US Engineers Contributed to Missouri River Flood Damage and Must Pay Landowners, Court Rules

US Engineers Contributed to Missouri River Flood Damage and Must Pay Landowners, Court Rules
Homes sit in floodwaters on Hoge Island north of Bismarck, N.D., along the Missouri River flood plain, on June 15, 2011. (Tom Stromme/The Bismarck Tribune via AP, File)
The Associated Press

OMAHA, Neb.—The U.S. government may have to pay tens of millions of dollars—or more—to landowners along the Missouri River after a court ruled it worsened flooding there since 2007 that killed crops and wrecked homes and businesses.

The U.S. Court of Appeals for the Federal Circuit upheld a lower court’s 2020 ruling that the federal government must pay for the landowners’ loss of value to the land. But the appeals court went even further in its decision last Friday, saying that the government must also pay them for crops, farm equipment and buildings lost to the flooding and finding the government contributed to the devastating flood of 2011.

Courts have found the U.S. Army Corps of Engineers responsible for recurrent flooding since 2007, three years after it changed how it manages the Missouri River’s flow to better protect the habitat of endangered fish and birds. It did so by notching dikes to increase water flow, keeping more water in reservoirs and reopening historic chutes, allowing the river to meander and erode banks.

Farmers, businesses and other landowners say that unconstitutionally deprived them of their land. The courts have largely agreed, finding that the government violated constitutional protections against taking property without just compensation. That Fifth Amendment protection is often seen in cases of eminent domain, which allows a government to seize private property, with compensation, for a public purpose.

Federal officials argue that the changes the Corps made were necessary to comply with the federal Endangered Species Act and a separate requirement from Congress passed in 1986 to protect fish and wildlife.

The ruling comes as federal and state officials wrestle with the rising costs of floods made more severe by climate change, and droughts that will require tough water management choices.

It’s the sort of conflict that will only worsen—and become more expensive, said James Elliott, a sociology professor at Rice University whose focus is on the confluence of human society and the environment.

“We tend to think of these as environmental issues, but really, they’re financial issues, right?“ he said. ”We’ve got a lot of development in a lot of places where it’s just not sustainable.”

The Corps manages floodplains, levees, and other water infrastructure across the U.S., making critical decisions on emergency management. Any resulting court decision, and even a settlement, could have long-lasting consequences on how floodplains and ecosystems are managed in the future, although the government has indicated in court documents that the Corps is dedicated to its plan that protects endangered wildlife.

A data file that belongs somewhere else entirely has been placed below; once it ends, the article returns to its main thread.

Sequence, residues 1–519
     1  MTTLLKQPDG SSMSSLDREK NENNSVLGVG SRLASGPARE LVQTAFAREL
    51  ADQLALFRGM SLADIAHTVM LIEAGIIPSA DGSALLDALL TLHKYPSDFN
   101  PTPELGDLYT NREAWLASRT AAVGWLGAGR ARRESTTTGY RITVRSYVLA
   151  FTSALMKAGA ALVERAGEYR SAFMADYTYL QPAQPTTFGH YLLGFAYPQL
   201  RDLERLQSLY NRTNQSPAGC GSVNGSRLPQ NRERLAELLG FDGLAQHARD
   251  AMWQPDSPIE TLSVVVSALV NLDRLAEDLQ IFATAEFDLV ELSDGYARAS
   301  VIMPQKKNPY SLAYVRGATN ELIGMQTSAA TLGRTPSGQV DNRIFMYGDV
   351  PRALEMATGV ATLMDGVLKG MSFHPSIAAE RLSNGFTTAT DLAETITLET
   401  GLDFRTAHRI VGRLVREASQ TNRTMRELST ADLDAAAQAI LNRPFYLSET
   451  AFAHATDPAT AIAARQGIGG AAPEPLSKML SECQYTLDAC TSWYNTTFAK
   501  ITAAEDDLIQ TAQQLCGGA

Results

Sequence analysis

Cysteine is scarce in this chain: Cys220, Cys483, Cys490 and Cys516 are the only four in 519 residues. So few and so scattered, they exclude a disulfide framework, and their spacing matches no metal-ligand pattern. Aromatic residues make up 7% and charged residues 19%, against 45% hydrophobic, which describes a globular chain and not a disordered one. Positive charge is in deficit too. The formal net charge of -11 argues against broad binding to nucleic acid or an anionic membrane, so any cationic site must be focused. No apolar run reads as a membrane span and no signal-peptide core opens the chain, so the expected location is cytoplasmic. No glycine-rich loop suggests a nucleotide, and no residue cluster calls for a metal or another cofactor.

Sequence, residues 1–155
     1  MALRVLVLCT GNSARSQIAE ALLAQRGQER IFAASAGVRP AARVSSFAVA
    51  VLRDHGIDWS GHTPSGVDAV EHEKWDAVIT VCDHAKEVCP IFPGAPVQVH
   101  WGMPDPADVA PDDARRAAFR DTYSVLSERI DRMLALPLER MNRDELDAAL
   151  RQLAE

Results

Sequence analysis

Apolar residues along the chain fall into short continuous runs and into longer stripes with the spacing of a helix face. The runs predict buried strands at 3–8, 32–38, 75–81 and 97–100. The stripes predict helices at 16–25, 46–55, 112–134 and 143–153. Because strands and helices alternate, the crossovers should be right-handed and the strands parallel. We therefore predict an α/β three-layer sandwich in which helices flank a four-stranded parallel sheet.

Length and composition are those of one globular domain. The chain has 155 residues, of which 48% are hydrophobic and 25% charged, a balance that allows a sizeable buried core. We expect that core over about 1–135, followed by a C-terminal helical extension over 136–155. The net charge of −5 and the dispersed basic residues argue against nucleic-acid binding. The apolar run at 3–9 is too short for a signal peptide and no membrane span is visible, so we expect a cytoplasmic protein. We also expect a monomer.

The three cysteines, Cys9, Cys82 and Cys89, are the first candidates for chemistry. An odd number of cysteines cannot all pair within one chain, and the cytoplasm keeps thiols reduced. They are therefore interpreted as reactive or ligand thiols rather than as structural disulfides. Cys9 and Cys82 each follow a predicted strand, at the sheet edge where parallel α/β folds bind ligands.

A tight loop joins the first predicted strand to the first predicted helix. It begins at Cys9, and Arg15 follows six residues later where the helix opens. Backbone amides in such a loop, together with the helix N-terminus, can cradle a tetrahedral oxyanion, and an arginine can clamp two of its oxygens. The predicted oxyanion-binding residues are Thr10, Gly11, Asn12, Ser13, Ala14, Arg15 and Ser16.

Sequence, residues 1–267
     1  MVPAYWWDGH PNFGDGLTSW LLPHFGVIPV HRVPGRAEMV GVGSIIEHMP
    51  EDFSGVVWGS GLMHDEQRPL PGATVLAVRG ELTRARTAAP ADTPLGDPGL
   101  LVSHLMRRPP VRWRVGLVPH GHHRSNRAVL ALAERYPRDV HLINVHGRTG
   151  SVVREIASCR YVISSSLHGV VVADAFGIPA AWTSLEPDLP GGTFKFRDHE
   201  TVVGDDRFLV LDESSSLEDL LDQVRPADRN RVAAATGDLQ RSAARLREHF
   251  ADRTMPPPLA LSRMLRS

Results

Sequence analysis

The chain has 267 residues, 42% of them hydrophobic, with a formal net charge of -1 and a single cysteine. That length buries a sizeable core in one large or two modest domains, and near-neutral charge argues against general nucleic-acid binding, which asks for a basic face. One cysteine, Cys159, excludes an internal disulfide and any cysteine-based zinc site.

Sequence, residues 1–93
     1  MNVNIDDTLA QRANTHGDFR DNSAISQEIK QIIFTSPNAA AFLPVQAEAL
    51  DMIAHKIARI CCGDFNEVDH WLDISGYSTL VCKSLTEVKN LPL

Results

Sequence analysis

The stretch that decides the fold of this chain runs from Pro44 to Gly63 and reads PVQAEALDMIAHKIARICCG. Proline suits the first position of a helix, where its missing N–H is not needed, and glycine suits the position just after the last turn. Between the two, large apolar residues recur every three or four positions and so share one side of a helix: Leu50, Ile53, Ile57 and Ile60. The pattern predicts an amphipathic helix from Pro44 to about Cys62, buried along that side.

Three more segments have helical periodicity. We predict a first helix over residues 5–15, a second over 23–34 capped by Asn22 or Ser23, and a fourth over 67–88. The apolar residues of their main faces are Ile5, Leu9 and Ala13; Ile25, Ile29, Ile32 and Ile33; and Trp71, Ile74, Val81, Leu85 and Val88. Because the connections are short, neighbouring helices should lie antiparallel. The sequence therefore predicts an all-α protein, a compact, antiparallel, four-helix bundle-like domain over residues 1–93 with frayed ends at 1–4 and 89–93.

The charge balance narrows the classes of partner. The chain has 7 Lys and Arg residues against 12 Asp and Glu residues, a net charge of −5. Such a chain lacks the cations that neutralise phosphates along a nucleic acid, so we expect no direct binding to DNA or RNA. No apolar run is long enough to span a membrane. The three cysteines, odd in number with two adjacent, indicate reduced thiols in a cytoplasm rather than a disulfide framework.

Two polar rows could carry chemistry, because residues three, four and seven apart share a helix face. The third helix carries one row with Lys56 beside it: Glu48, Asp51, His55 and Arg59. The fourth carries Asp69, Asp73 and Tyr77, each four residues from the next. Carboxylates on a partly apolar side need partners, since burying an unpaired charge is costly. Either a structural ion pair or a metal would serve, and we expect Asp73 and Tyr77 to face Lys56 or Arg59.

In total, the government now faces liability for floods in six of the eight years spanning from the beginning of 2007 through 2014, including particularly devastating losses in 2011.

Land value loss alone for which the government was found liable was estimated to be around $10 million by lower courts. Attorneys for the landowners had estimated that total damages could exceed $300 million. Total damages across the Missouri River basin in 2011 were estimated at around $2 billion, according to the National Climatic Data Center.

“So, if you consider how much those crop losses and the 2011 flood damage would be, you can extrapolate from there that it will be significant,” said Seth Wright, of Posinelli Law Firm in Kansas City, Missouri, who is the lead trial attorney for the landowners.

Wright said that if the history of the nearly 10-year-old legal case is an indicator, the government is likely to appeal the latest ruling to the U.S. Supreme Court.

“It’s certainly frustrating to our clients,” Wright said. “We’re a decade into this lawsuit and a decade-and-a-half from the first flood. It’s time for the government to step up and pay.”

Federal officials argue that the courts have overlooked key factors in the case, noting that the plaintiffs’ land still occasionally flooded even before the Corps made changes to the river’s management in 2004. They say a publically available document warns of possible changes to Corps’ flood protections.

In court documents, officials argue the landowners “should have recognized long ago that the System was built to serve multiple, congressionally authorized purposes, not flood control alone,” and that they’ve never “had a property right to any particular level of federal flood-control protection.”

More than 370 landowners in Nebraska, Iowa, Kansas, Missouri, and the Dakotas are currently represented in the lawsuit, and a merger with another class-action lawsuit of an additional 60 landowners could happen later.

Lawmakers from affected states have said the Justice Department should settle. In 2020, seven Republican U.S. senators from Nebraska, Iowa, Kansas, and Missouri urged the Army to negotiate with landowners.

A spokesman for the Army Corps of Engineers on Wednesday referred questions to the U.S. Department of Justice, which said Thursday that it is considering its next steps following Friday’s ruling.

By Margery A. Beck